One additional area of major significance to construction industry employers is the likelihood of renewed worksite enforcement through the use of Notices of Inspection (NOI’s) and renewed workplace raids by ICE. While such actions have been de-emphasized for the last several years, they’re likely to increase as an important tool in the effort to deny jobs to undocumented immigrants. The loss of job opportunities for U.S. citizens to aliens with false or stolen documentation will certainly be a critical focus.
How to Prepare for Enforcement
What should industry employers do now to proactively prepare for the NOI’s and worksite raids that could soon be coming? Strict I-9 compliance would be the place to start. Employers should review all current procedures for compliance with I-9 requirements. The DHS recently issued a new I-9 Form which should be used for all new hires. The new form can be downloaded at www.uscis.gov/I-9. Penalties have been doubled to a minimum of $216 for each incorrect I-9 found during an NOI conducted by DHS. Now is a good time to audit existing I-9’s to ensure that all forms are fully completed. Invariably when self-audits are conducted, incomplete I-9’s always seem to materialize. These should be corrected immediately because the lack of I-9’s can be used as evidence to demonstrate that an employer had little regard for complying with its obligations against knowingly hiring undocumented workers.
Employers should also be aware that the Trump administration’s position may be at odds with their state’s enforcement agenda.
Protocols on how to respond to an NOI are also something to review as we enter the Trump-era of immigration enforcement. Front office and human resource staff should be aware of the protocol to follow in the event of any government visit — especially one involving DHS. Following these simple steps should put an employer in the best position to confidently and successfully respond to the enforcement actions that are most likely to arise again under the Trump administration:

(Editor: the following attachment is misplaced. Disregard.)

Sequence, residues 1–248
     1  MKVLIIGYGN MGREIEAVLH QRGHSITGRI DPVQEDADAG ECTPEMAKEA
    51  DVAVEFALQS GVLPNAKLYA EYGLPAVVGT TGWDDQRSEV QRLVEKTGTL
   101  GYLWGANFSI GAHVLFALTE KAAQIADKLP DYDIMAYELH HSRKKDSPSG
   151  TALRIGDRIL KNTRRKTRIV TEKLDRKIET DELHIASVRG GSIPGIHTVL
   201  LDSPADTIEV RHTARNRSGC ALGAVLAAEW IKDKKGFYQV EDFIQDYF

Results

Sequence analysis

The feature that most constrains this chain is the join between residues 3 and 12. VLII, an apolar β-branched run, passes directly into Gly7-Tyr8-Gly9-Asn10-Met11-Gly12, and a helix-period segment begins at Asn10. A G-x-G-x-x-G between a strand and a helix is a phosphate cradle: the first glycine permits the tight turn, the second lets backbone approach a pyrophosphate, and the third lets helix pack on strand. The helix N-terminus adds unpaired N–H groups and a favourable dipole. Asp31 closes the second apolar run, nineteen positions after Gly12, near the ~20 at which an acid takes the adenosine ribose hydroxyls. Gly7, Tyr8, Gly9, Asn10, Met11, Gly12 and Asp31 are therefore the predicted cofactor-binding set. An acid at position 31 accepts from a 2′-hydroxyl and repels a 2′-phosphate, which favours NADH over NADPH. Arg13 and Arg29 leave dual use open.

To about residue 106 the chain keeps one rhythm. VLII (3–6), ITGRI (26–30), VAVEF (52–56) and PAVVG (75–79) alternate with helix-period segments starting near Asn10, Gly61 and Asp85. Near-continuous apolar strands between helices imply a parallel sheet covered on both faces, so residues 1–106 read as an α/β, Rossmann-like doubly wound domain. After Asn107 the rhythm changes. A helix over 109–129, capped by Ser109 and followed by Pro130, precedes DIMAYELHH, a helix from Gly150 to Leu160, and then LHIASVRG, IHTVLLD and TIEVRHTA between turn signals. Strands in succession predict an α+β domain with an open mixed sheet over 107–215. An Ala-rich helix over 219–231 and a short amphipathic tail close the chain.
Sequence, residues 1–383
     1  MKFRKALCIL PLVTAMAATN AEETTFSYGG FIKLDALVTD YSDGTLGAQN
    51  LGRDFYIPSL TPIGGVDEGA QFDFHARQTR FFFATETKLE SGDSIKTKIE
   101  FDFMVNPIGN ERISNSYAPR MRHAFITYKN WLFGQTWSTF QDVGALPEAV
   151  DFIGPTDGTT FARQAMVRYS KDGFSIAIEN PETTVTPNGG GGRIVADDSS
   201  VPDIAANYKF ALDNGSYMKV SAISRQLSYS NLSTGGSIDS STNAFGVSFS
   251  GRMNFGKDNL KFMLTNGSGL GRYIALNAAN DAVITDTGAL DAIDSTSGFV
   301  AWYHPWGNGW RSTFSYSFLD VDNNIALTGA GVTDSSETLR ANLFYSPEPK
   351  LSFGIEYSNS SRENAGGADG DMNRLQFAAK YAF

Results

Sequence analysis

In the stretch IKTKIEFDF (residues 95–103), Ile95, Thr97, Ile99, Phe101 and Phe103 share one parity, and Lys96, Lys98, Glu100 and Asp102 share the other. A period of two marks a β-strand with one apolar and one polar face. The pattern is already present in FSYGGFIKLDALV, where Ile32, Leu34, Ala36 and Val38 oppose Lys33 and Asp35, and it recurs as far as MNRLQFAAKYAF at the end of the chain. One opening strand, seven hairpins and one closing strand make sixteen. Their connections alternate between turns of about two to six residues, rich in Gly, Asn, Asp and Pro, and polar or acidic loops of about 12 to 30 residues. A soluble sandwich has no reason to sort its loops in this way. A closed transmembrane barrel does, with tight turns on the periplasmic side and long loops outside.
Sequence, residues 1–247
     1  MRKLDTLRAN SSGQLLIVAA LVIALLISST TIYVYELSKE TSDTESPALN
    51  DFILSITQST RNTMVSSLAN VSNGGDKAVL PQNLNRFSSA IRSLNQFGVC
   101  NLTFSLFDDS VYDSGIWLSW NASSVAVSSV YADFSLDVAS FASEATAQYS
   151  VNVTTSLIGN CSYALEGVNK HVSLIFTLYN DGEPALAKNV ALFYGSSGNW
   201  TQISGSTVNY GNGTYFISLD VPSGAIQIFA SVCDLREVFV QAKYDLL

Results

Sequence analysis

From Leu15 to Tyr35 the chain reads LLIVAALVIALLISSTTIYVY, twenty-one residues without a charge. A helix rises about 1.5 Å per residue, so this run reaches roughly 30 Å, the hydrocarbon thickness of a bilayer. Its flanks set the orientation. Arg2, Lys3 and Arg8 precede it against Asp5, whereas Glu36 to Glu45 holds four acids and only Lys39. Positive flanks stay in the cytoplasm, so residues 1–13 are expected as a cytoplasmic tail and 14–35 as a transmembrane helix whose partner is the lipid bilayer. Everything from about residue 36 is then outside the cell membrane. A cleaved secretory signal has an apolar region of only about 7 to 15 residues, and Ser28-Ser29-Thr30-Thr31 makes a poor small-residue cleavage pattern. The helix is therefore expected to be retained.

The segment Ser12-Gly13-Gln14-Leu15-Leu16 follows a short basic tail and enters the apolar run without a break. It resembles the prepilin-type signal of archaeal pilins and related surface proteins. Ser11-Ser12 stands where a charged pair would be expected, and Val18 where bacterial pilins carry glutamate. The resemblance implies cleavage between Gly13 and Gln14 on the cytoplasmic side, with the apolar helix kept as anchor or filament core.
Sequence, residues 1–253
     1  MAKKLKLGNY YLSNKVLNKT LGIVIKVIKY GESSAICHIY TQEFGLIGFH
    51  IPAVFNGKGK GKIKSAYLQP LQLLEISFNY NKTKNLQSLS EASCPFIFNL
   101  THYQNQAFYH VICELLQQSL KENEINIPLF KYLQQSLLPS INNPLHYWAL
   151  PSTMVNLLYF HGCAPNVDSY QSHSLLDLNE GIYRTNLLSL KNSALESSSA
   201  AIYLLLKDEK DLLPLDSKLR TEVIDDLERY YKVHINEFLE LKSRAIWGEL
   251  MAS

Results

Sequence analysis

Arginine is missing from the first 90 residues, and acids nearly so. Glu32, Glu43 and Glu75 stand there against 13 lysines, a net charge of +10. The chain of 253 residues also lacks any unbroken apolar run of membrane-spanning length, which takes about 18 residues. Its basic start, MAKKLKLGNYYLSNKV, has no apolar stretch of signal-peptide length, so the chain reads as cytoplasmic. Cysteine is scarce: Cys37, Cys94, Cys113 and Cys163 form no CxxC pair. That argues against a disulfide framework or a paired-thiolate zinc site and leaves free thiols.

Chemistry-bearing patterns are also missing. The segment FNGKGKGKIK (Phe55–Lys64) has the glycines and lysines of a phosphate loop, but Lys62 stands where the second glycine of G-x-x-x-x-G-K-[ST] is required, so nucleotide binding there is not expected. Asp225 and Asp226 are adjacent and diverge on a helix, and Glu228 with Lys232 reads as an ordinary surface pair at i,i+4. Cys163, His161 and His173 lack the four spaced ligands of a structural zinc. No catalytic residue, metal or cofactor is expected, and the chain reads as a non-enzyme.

Staff should be trained to refer all questions to legal counsel.
If questioning persists, the employer should simply state that he/she isn’t authorized to respond on behalf of the company.
An NOI itself isn’t a warrant, and the employers shouldn’t consent to any DHS interviews without counsel.
Nor should the employer consent to an immediate review of I-9 records. Employers are allowed three days to provide the requested I-9’s and DHS generally is willing to extend that period. This time will allow your counsel to audit the I-9s, which is critical to assess, consult and plan with the company for the next phases of the NOI process.
Although employers will welcome the expected regulatory reform likely to be undertaken by the Trump administration, employers — including those in the construction industry — should expect increased scrutiny and enforcement activity with regard to immigration and labor.